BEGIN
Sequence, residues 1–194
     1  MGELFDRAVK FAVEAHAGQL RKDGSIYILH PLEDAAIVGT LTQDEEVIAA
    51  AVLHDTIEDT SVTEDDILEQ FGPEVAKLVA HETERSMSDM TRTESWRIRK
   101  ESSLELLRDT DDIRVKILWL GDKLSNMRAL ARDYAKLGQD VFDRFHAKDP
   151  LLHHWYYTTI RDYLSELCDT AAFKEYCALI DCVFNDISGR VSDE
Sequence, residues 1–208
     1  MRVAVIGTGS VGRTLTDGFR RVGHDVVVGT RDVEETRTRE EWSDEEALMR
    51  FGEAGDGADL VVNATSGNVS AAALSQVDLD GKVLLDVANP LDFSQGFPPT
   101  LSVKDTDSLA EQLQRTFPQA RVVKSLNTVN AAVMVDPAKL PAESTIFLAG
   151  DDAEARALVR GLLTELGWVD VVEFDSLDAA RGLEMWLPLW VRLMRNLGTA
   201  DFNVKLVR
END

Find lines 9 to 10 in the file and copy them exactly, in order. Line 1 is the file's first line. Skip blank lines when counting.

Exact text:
   101  LSVKDTDSLA EQLQRTFPQA RVVKSLNTVN AAVMVDPAKL PAESTIFLAG
   151  DDAEARALVR GLLTELGWVD VVEFDSLDAA RGLEMWLPLW VRLMRNLGTA